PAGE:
Latitudinal clines in heat tolerance, protein synthesis rate and transcript level of a candidate gene in Drosophila melanogaster

Authors: Fiona E Cockerell, Carla M Sgrò and Stephen W McKechnie

Published in: Journal of Insect Physiology, volume 60 (January 2014)


  • We investigate heat tolerance in D. melanogaster reared at 18 and 25 °C from populations collected over a range of latitudes.
  • Tropical flies are more heat tolerant than temperate region flies after heat hardening.
  • Total protein synthesis rates vary clinally depending on temperature conditions.
  • Levels of a major transcript of the heat-stress hsr-omega gene vary clinally.


The occurrence of climatic adaptation in Drosophila melanogaster is highlighted by the presence of latitudinal clines in several quantitative traits, particularly clines in adult heat knockdown tolerance that is higher in tropical populations. However the presence of latitudinal patterns in physiological characteristics that may underlie these traits have rarely been assessed.

Protein synthesis has been implicated as an important physiological process that influences thermal tolerance, and this has not been examined in a clinal context.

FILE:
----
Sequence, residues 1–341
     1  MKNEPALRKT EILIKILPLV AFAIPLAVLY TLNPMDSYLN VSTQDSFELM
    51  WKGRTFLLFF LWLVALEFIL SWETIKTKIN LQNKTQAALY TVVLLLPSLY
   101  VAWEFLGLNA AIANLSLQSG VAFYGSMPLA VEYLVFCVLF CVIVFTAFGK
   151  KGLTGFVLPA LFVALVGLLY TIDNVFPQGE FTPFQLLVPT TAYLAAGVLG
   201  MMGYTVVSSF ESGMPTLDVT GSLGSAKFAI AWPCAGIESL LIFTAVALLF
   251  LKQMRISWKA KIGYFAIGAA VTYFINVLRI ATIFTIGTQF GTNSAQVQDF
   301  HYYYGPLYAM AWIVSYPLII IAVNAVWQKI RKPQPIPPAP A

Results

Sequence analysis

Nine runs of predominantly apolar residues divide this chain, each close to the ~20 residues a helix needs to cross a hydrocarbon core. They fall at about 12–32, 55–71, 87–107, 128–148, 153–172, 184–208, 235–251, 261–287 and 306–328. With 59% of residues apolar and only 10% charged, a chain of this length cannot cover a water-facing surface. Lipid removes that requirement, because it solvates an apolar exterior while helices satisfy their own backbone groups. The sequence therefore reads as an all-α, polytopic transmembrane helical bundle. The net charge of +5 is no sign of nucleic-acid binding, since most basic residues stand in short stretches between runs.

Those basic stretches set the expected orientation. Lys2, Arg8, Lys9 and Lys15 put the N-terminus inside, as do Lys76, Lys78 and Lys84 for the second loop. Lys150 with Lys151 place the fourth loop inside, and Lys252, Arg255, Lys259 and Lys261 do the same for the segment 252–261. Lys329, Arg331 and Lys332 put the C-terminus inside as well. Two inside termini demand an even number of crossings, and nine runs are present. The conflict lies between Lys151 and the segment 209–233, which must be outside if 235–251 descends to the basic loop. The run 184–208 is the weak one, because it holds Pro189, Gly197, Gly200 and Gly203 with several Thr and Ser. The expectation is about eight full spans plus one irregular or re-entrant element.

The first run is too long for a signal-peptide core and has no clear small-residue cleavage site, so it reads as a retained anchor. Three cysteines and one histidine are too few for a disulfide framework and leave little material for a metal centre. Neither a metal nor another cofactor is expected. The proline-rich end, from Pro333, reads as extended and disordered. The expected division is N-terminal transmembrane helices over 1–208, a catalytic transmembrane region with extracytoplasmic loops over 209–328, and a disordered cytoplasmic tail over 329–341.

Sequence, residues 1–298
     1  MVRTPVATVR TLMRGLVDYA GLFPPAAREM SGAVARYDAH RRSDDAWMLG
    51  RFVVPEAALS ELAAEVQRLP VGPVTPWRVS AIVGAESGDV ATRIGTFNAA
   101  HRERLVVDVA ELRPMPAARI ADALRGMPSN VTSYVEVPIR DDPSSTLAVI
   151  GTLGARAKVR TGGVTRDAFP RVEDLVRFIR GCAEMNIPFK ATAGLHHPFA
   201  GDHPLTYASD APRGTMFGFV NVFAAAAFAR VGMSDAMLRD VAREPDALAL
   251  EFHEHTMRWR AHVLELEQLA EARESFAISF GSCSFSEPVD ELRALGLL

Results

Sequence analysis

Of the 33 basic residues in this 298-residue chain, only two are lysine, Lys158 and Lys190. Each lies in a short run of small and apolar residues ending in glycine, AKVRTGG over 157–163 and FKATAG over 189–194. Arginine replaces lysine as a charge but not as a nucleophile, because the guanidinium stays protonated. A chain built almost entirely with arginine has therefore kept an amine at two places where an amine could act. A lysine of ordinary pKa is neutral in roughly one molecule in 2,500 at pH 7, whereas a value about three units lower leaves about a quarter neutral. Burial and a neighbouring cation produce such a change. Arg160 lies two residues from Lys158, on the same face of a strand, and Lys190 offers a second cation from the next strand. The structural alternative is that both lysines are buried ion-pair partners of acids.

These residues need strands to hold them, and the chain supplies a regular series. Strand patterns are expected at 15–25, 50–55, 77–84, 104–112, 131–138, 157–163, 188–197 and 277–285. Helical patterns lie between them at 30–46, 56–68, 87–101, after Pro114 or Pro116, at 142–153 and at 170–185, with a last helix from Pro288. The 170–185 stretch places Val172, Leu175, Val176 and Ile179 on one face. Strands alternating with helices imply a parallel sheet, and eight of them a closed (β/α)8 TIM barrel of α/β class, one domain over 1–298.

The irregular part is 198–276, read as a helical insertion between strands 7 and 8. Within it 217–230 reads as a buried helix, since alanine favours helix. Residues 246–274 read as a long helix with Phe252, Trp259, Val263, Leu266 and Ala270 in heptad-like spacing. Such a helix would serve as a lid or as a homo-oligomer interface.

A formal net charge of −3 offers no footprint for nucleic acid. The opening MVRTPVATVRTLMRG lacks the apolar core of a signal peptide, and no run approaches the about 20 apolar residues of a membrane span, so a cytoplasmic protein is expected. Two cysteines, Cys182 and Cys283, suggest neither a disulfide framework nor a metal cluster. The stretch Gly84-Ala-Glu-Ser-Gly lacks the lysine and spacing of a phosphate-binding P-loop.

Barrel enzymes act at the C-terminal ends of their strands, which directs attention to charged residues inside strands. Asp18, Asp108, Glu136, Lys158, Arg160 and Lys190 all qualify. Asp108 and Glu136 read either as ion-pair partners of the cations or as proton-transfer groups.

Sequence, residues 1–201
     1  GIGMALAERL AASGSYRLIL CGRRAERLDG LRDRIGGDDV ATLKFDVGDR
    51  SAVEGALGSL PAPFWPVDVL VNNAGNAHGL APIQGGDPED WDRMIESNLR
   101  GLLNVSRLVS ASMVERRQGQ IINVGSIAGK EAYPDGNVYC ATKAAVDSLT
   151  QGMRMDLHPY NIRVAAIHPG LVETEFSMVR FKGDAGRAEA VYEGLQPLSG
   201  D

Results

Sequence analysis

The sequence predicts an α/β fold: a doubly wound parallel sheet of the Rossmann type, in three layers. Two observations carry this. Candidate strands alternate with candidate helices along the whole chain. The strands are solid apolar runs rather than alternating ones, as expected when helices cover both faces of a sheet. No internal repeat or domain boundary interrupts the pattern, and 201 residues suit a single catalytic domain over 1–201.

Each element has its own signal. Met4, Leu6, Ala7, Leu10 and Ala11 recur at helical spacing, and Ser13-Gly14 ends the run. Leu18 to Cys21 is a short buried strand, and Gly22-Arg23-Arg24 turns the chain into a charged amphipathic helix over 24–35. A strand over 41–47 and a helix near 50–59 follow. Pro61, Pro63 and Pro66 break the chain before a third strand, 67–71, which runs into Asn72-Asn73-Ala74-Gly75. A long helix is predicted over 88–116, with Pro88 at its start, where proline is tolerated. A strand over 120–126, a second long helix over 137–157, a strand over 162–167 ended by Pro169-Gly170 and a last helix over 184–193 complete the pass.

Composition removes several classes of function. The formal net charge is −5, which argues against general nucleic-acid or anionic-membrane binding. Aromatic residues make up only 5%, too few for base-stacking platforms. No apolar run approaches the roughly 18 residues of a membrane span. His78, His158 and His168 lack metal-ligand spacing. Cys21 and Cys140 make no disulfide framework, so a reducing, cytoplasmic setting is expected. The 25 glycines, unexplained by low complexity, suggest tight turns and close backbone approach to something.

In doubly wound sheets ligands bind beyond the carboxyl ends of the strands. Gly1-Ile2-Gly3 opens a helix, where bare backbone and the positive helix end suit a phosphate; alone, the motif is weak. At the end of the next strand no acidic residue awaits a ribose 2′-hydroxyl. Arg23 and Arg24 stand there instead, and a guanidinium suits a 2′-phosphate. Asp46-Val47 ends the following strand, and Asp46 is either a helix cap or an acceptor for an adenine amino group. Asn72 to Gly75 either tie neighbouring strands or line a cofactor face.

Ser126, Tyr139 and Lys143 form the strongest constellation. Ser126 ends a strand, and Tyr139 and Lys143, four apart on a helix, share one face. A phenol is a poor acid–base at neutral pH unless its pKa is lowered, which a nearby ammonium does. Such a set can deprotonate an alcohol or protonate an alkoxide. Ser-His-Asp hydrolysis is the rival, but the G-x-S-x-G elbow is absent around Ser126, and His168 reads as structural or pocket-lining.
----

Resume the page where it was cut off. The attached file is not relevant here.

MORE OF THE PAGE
Here, we characterise latitudinal variation in D. melanogaster from eastern Australia in both adult heat knockdown tolerance and rates of protein synthesis following rearing at both 25 °C, approximating summer conditions, and 18 °C, approximating winter development.

We also examined clinal variation in the predominant nuclear transcript of the heat-inducible RNA gene hsr-omega, which has been implicated in regulating protein synthesis.

We find significant clines in heat-hardened tolerance when cultured at both 18 and 25 °C — tolerance increased towards the low latitude tropics. Rates of protein synthesis measured in ovarian tissue also associated negatively with latitude, however the presence of the clines depended on rearing temperature and heat stress conditions.

Finally, omega-n levels measured without heat stress showed a positive linear cline. When measured after a mild heat stress higher levels of omega-n were detected and the clinal pattern became parabolic — mid-latitude populations had lower levels of the transcript.

While congruent latitudinal trends were detected for these three traits, only a low level of positive association was detected between protein synthesis and thermal tolerance providing little evidence that these traits are related at the level of cellular physiology. However the new clinal patterns of protein synthesis and hsr-omega variation suggest that these variables exert important influences on traits involved with latitudinal climatic adaptation.


Cockerell FE, Sgrò CM, McKechnie SW (2014) Latitudinal clines in heat tolerance, protein synthesis rate and transcript level of a candidate gene in Drosophila melanogaster. Journal of Insect Physiology 60: 136-144 PDF DOI